When NBA players have a weak point, they usually try to work on them. The NBA community supports their players in this regard as well. However, some clever minds use these weak points to their advantage. Shaquille O’Neal was the center of one such incident, where his disadvantage got famously exploited.

How Shaquille O’Neal legalized the Hack-a-Shaq and other changes

NBA legend Shaquille O’Neal is the root cause for the evolution of the game. Many modifications in the NBA are a result of his unorthodox playing tactics. From changing the rules to the remaking of the hoop, Shaq caused quite a ruckus in his days.


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First, Shaq would pull so hard after dunking that the entire backboard would come down. After this happened a few times, the league changed the materials of backboards.



Later, Shaq made the league bring in some rule changes. Thanks to him, the NBA witnessed arguably the biggest rule change in history, the Zone Defense. This kind of defense was illegal until Shaq started dominating. Then, it became difficult to guard him using man-to-man defense. Hence, the league had no choice but to legalize it.

Talking about Shaq and rules, he caused changes in one rule that is now popularized as “Hack -a-Shaq”. The change meant players couldn’t purposely foul opposing players who didn’t have the ball in their hands during the last 2 minutes of the game.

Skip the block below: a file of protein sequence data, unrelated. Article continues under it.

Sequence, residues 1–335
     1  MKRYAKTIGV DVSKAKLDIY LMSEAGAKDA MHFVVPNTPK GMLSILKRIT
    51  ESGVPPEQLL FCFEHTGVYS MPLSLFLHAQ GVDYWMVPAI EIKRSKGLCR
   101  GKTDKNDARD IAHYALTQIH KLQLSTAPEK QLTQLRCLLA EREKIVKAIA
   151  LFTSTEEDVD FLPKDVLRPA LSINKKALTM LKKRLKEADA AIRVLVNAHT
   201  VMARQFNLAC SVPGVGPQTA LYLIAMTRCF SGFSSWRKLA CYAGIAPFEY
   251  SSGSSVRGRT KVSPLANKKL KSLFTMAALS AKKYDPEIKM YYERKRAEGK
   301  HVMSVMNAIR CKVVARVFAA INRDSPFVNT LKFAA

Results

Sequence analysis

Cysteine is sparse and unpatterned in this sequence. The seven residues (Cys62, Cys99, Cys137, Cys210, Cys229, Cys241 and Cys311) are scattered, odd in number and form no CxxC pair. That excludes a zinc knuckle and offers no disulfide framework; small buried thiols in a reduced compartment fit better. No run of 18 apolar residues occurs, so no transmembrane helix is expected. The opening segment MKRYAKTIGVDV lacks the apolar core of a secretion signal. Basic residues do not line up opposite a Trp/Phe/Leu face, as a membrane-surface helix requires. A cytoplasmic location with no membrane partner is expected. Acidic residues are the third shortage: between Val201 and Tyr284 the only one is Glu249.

Otherwise, the opposing teams would get 2 free throws and the ball. Shaq became a victim of the Hack-a-Shaq strategy. The opposition fouled him because of his poor free throw percentage.



Shaq’s bad free throws are a joke in the NBA community. During his entire career, Shaq made an average of a mere 52.7% of his free throws per game.

Origin of the Hack-a-Shaq and its progress



The Hack-a-Shaq technique was first used as an actual tactic back in 1997 by Don Nelson, the coach of the Dallas Mavericks. He told one of his players, Bubba Wells, that he must foul Dennis Rodman intentionally. Nelson wanted Wells to do it regardless of whether he had the ball.

The move would send him to the free throw line. In that game, this new tactic didn’t work out, as Rodman made 9 out of 12 free throws, even though his normal FT percentage was below 40 percent. Two years later, in 1999, Nelson gave it another go, with Shaquille O’Neal as the victim. The move worked, and a new tactic birthed.


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When Shaquille O’Neal retired in 2011, it didn’t mean that the days of the Hack-a-Shaq were over. There were still several players in the NBA that were terrible free throw shooters, and many more to come.  Dwight Howard, DeAndre Jordan and Andre Drummond were/ are few such shooters who may fall victim to the tactic.

Thankfully, in 2016, the NBA made some changes to the rules. The changes made sure the amount of Hack-a-Shaq’s in a game were limited. The reformations made sure the game would speed up and become more interesting for fans.